At the inception of my career I often encountered this nagging query concerning the relation between law and morality. I was frustrated on quite a few occasions where I'd helplessly discover that a certain immoral deed is without any legal consequence. I would seethe with anger at the lack of any remedy for the victim in such cases. To an untrained mind there would hardly exist any difference between the two concepts. However, while morality may be persuasive, it isn't binding, law is. Hence a person may get away with an immoral deed but he can't do so with an illegal act. . Human response to a wrongful action should be the same irrespective whether it breaks a law or it disregards morality. This theory logically entails a comprehensive understanding of the two terms. But do we actually understand their meanings and respective scopes to be able to appreciate the fine yet profound difference between the two. Before proceeding let me tell you that I decided to share my views on this issue when I read the opinion of one my esteemed readers, wherefrom it appeared that despite his respectable understanding of sociology and politics, he faltered in distinguishing the difference between law and morality.
In one not so old case the Hon'ble Apex Court was seized with a question as to whether a man who promises to marry a woman, cohabits with her and establishes sexual relationship with her but could not ultimately marry her, be charged and convicted under Section 493 of the IPC. (For your benefit I have represented Section 493, IPC as it stands) " Cohabitation caused by a man deceitfully inducing a belief of lawful marriage.—Every man who by deceit causes any woman who is not lawfully married to him to believe that she is lawfully married to him and to cohabit or have sexual intercourse with him in that belief, shall be punished with imprisonment of either description for a term which may extend to ten years, and shall also be liable to fine." The Bench which was adjudicating this case was a Division Bench (two Judges). The matter could not be resolved as one of the Hon'ble Judges thought that in such cases, what the man may have done may at worst be called immoral or it may be concluded that he isn't a gentleman, if deceit could not be proved behind his acts, whereas the other Hon'ble Judge thought otherwise and found nothing wrong in attaching criminal consequences with such acts. The matter was thus referred to a larger bench for adjudication. Be that as it may, the point which is thus instantly realized is that law and morality are not the same thing even though the fabric of our society is built upon these two founding stones. In the ancient times there was hardly any difference between the two. Be it the jurists of Greece or Rome or our very own Vedas, morals formed the bedrock of laws. In later years, law would come to be distinguished from morals. The chief distinction being their respective sources. While morals have their genesis in religion and / or conscience, laws owe their authority to the State. Dr. B.N. Mani Tripathy, the celebrated author of "An Introduction To Jurisprudence (Legal Theory)" writes that 'Morals are concerned with the individual and lay down rules for the moulding of his character. Law concentrates mainly on the society and lays down rules concerning the relationship of individuals inter se as well as with the State." It is therefore quite clear that while morality is based on the behaviour, conscience building and goodness of deeds, law on the other hand deals with enforceable norms that mainly intend to maintain order and peace in the community of men. While laws are means to an end (of peace in society), morals are of no such nature. They are to be followed as they are good in themselves.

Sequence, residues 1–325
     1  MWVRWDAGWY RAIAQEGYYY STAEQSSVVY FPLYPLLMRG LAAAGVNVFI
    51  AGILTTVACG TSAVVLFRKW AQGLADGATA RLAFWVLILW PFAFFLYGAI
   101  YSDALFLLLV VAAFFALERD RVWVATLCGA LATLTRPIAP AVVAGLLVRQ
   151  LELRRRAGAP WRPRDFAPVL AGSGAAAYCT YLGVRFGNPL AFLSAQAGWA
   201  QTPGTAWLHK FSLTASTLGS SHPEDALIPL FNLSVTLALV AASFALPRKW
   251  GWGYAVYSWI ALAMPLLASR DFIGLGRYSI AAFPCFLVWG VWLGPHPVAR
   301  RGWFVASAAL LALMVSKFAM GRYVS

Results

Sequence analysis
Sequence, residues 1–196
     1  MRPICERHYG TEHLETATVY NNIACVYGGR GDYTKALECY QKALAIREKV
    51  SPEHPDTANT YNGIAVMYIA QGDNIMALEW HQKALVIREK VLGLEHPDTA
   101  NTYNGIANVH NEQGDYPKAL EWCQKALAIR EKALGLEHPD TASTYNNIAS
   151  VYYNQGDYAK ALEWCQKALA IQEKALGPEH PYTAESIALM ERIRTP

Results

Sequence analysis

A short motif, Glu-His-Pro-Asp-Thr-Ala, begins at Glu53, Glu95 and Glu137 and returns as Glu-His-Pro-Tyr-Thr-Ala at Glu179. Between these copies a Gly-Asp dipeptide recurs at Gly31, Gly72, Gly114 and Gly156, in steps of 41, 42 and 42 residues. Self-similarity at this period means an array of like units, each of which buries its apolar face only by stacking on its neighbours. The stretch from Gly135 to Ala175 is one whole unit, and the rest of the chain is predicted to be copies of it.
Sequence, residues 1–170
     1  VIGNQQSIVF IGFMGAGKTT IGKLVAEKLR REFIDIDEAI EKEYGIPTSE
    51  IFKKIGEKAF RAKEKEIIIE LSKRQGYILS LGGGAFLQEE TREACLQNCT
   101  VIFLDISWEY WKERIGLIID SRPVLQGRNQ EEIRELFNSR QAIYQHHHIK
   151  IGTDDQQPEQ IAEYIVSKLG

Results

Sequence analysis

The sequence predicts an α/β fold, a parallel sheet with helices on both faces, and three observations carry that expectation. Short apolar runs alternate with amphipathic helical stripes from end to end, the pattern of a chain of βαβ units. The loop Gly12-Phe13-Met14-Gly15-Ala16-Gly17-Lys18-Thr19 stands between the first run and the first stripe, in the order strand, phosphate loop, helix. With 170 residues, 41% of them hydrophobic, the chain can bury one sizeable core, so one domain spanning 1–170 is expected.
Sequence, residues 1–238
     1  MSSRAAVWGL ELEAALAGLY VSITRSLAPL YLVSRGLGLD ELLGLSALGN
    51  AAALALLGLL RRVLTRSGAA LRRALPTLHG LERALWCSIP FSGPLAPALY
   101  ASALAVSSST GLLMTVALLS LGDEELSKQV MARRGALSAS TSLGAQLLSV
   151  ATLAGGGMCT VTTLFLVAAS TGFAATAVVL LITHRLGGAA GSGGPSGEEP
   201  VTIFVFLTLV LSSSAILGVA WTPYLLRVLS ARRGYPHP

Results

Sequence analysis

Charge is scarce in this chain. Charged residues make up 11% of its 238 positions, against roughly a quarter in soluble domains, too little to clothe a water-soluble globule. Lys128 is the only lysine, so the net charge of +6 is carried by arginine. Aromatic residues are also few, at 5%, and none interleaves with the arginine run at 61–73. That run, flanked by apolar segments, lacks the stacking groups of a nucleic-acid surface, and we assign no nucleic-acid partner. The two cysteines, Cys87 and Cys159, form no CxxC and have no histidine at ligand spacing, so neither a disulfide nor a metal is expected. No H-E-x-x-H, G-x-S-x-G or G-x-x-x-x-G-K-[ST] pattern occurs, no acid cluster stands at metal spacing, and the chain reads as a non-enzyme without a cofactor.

While it may be immoral to see a man drowning and not help him, to see a beggar starving and not feed him, to see a man falling down and badly injuring himself and not taking him to medical help or to look on at a woman being harassed and standing mute, there is nothing illegal per se about these actions / ommissions. For an act or ommission to be illegal, it must be mentioned to be so by law. If it isn't then that act or omission howsoever despicable or immoral it may be, does not involve any illegality. There are even certain laws which are opposed to morals. For example morals will never hold any man vicariously liable for the wrongful acts of another man, but the law does, in cases where the actual offender is under the employment or agency of the other man who is vicariously liable. e.g. A Govt. chauffeur if causes death of someone by negligent driving, then the Govt. can be made liable for his acts and ordered to pay compensation to the victim or his family.
Thus as different as they might be, law and morality are like the parallel tracks of a train line. They never seem to meet head on, but are always connected to each other by strong frames of societal requirements and its only when they are held together and uniformly throughout, that society can run smoothly to reach a destination of stability and justice.